For gardeners in cold climates, indoor light gardens offer a way to grow small, tender species of cacti, such as the following species.
Initially somewhat flat, the ball cacti eventually form ribbed clusters of round ball-like bodies.
Clusters of spines grow from the ribs. From the top of the plants, the showy, funnel-like orange-red blooms open any time between spring and autumn.
Reaching about six inches at most in height, these are much-ribbed with clusters of spines emerging from along the angles or ribs. The shape can range from rounded to more cylindrical.
These plants are best known for their spectacular flowers, which open during the summer and early fall. Very large, these funnel-like blooms appear on short, thick, almost leafy stalks. The flower color can vary from one species to another.
Also known as pygmy cacti, these globe-shaped species remain quite small even when mature. Native to the Andes, these are dotted with tubercles. From spring to mid-summer, these floriferous plants have showy bright yellow or red flowers.
Golden barrel cactus
Though the mature plants may be too large to make good houseplants, the young ones are quite suitable for indoor light gardens. As the plant gets older, it will develop many ribs. Along the angles will be the golden spines for which the plant is named.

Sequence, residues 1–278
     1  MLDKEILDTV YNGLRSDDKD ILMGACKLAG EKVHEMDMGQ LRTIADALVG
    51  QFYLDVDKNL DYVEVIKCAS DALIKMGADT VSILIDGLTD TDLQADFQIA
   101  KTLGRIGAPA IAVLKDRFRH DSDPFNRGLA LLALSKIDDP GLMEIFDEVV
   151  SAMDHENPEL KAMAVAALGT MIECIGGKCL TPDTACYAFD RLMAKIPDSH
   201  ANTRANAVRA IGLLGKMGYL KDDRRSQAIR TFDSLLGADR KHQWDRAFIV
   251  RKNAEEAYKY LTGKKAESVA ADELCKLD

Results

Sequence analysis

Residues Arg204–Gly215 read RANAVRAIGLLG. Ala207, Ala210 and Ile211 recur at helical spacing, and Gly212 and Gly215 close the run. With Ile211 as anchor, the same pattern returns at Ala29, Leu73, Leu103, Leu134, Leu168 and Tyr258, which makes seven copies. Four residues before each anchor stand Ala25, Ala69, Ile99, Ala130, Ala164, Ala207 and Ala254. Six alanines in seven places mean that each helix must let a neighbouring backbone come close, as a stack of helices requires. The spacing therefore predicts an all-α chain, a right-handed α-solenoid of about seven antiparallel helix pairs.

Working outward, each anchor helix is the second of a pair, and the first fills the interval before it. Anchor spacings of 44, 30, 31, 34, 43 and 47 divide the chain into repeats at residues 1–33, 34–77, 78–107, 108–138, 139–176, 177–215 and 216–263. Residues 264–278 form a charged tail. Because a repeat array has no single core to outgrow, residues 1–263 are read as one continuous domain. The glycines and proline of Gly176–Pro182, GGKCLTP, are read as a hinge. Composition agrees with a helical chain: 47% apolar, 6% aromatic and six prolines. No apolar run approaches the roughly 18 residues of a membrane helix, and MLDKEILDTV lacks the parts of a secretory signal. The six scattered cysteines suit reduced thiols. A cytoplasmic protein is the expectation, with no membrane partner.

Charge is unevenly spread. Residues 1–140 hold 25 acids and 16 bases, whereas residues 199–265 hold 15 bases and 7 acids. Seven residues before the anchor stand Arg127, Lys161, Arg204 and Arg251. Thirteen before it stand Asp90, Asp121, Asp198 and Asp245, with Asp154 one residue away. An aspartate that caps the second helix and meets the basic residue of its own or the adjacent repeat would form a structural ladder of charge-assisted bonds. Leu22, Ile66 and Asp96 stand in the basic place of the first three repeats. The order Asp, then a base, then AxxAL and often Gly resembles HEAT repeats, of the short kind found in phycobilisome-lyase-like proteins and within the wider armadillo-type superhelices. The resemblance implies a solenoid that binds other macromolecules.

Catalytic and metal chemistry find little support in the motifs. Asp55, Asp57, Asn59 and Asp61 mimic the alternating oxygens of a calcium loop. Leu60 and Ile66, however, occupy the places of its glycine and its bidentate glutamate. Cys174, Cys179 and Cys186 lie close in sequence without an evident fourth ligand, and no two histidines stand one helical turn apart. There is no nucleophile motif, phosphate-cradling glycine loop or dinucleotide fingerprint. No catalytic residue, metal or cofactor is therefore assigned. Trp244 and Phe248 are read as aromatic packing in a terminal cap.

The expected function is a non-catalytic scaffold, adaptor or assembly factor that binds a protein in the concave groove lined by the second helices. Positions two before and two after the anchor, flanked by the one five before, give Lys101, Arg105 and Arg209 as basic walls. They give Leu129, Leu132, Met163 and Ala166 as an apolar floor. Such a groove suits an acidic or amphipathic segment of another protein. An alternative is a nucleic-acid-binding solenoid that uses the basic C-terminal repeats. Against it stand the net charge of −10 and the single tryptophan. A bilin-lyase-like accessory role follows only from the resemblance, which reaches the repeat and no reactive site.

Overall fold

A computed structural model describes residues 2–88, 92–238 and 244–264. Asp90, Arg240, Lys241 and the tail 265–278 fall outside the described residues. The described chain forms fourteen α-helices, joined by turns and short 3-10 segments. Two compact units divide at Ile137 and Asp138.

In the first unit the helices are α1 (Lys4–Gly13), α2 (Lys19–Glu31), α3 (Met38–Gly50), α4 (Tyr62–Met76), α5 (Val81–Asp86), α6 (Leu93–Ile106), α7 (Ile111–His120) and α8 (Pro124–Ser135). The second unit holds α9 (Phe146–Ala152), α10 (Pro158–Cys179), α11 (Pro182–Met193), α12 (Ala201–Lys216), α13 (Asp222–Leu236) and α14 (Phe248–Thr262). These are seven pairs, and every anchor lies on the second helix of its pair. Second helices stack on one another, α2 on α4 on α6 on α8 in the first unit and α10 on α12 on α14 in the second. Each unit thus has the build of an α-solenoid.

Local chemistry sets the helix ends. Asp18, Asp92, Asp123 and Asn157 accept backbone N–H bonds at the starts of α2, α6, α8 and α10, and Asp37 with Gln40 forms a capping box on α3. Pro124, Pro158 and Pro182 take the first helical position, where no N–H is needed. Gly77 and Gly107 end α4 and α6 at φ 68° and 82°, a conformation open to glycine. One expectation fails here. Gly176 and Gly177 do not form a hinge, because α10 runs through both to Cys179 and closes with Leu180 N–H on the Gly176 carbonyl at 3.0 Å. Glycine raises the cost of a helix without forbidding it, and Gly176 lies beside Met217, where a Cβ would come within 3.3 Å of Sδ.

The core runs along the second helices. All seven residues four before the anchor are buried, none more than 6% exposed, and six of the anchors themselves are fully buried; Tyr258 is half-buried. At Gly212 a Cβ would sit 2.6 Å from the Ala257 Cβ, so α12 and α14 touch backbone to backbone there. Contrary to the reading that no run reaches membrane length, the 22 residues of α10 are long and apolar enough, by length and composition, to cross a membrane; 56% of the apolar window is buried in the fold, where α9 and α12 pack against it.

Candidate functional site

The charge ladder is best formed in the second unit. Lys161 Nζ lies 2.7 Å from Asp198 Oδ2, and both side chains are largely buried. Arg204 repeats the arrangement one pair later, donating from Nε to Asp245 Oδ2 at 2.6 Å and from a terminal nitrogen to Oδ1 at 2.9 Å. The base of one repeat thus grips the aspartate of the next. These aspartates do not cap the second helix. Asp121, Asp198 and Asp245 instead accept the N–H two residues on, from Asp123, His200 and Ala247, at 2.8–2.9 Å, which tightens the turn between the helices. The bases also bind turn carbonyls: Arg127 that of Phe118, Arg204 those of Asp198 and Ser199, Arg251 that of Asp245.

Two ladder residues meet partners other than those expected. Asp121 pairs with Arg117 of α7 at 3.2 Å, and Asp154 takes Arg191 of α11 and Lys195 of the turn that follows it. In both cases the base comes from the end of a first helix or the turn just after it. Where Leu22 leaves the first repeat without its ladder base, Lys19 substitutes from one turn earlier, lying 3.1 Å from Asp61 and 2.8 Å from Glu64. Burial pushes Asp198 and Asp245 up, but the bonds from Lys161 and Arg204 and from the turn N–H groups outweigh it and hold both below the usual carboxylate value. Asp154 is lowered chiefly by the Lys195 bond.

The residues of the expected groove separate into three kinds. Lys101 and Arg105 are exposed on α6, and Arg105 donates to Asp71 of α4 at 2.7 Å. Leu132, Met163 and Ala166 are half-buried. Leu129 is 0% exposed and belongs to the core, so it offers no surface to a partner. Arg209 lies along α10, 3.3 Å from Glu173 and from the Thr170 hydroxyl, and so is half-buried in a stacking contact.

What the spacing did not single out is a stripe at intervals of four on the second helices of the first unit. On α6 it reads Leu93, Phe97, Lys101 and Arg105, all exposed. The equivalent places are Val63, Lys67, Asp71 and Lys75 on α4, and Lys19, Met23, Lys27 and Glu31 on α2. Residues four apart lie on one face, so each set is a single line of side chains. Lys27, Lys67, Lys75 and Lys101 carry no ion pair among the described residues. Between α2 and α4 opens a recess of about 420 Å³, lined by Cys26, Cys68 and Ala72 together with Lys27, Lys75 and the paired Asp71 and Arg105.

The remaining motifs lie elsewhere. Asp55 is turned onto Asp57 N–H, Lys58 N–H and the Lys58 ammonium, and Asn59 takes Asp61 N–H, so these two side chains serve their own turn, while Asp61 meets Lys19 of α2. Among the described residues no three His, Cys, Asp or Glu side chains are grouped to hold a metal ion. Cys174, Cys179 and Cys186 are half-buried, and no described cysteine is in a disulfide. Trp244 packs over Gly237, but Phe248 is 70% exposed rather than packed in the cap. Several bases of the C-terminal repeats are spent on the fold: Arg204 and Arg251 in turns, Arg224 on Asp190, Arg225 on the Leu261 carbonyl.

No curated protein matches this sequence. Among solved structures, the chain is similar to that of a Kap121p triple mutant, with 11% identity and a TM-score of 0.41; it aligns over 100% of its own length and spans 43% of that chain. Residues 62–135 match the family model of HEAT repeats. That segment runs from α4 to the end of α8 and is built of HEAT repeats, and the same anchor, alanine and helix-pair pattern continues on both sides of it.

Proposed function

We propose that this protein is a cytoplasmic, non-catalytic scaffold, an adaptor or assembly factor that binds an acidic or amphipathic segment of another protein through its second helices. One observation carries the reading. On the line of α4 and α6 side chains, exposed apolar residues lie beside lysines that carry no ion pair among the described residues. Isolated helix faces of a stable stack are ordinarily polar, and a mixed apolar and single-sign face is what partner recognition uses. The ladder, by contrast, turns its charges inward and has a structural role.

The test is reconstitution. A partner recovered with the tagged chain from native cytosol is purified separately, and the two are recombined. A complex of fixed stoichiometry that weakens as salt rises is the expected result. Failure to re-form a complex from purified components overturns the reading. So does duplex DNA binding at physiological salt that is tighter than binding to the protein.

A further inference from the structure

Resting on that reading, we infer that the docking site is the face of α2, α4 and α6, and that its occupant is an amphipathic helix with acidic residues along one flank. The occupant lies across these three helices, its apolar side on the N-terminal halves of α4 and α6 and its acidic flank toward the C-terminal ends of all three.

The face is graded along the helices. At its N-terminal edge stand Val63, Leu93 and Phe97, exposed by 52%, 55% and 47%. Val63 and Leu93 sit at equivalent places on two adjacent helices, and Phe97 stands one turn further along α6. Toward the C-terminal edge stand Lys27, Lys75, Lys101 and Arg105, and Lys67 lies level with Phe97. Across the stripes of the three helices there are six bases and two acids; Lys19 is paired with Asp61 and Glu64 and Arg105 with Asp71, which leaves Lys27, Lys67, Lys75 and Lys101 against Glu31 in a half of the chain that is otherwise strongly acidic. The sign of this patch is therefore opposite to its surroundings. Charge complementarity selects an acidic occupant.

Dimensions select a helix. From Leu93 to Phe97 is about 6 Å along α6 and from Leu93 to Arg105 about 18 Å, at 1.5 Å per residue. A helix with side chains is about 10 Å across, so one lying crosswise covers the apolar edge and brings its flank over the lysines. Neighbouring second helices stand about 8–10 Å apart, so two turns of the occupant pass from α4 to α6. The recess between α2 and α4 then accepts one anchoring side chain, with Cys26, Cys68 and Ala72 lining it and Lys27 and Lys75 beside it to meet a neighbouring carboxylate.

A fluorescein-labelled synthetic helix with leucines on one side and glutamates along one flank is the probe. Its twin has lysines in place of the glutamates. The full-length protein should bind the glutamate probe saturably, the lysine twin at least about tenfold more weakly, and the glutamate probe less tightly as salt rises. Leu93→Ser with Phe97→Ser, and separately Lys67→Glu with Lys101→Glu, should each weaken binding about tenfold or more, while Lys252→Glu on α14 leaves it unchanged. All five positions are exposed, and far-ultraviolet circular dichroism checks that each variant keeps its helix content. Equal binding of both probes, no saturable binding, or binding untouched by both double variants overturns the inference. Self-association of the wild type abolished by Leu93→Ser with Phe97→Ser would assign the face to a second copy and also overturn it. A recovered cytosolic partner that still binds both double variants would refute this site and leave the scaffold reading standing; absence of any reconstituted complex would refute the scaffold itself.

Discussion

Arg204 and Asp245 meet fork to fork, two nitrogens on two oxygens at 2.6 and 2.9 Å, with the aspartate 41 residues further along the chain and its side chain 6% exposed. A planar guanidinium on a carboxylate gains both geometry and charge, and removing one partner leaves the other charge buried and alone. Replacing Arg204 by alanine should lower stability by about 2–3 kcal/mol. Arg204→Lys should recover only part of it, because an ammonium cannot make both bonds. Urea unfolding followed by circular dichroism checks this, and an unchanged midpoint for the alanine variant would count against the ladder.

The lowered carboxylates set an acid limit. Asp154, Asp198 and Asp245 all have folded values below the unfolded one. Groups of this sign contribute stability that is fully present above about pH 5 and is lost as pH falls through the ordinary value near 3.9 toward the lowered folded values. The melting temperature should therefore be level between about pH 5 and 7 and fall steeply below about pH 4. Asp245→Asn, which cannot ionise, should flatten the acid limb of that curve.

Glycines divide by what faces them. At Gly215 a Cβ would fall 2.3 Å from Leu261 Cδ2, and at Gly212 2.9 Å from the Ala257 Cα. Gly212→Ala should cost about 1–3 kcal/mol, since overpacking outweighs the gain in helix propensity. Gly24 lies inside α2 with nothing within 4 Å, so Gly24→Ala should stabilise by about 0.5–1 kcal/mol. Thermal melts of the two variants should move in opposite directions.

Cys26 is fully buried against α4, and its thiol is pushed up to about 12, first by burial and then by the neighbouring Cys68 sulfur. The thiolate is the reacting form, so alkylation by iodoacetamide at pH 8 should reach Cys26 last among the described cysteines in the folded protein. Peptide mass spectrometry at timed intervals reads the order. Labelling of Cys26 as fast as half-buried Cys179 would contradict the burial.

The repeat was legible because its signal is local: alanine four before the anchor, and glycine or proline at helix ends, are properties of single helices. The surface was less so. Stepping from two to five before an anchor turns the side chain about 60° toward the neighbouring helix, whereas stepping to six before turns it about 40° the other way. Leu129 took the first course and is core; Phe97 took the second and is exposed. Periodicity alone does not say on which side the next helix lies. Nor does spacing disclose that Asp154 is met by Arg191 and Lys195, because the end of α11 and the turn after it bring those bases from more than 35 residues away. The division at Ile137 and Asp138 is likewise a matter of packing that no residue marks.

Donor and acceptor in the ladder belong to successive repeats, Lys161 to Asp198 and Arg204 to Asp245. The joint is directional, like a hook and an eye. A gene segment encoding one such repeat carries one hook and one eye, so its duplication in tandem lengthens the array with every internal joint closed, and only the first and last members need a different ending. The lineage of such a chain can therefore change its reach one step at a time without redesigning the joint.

Larger plants will have showy, vivid yellow blooms that emerge in the summer months, forming a ring around the rim of the plant.
Opuntias (Opuntia spp.)
Some of the smaller opuntias are suitable for indoor light gardens, including the following.
Bunny ears has new pads that emerge from the top of the older ones. These are covered with closely spaced tufts of very short, bristly spines. Depending on the variety being grown, these can be white, yellow, or reddish-brown.
Bunny ears cactus has vivid yellow blooms that open on very short stems.
Pin cushion cacti
A number of these cacti are suitable for indoor light gardens. These low growing plants are rounded to oblong, and form neat clusters. The bodies are just covered with sharp spines and long white hairs. The star-like blooms open on the top of the bodies with the color varying from one species to another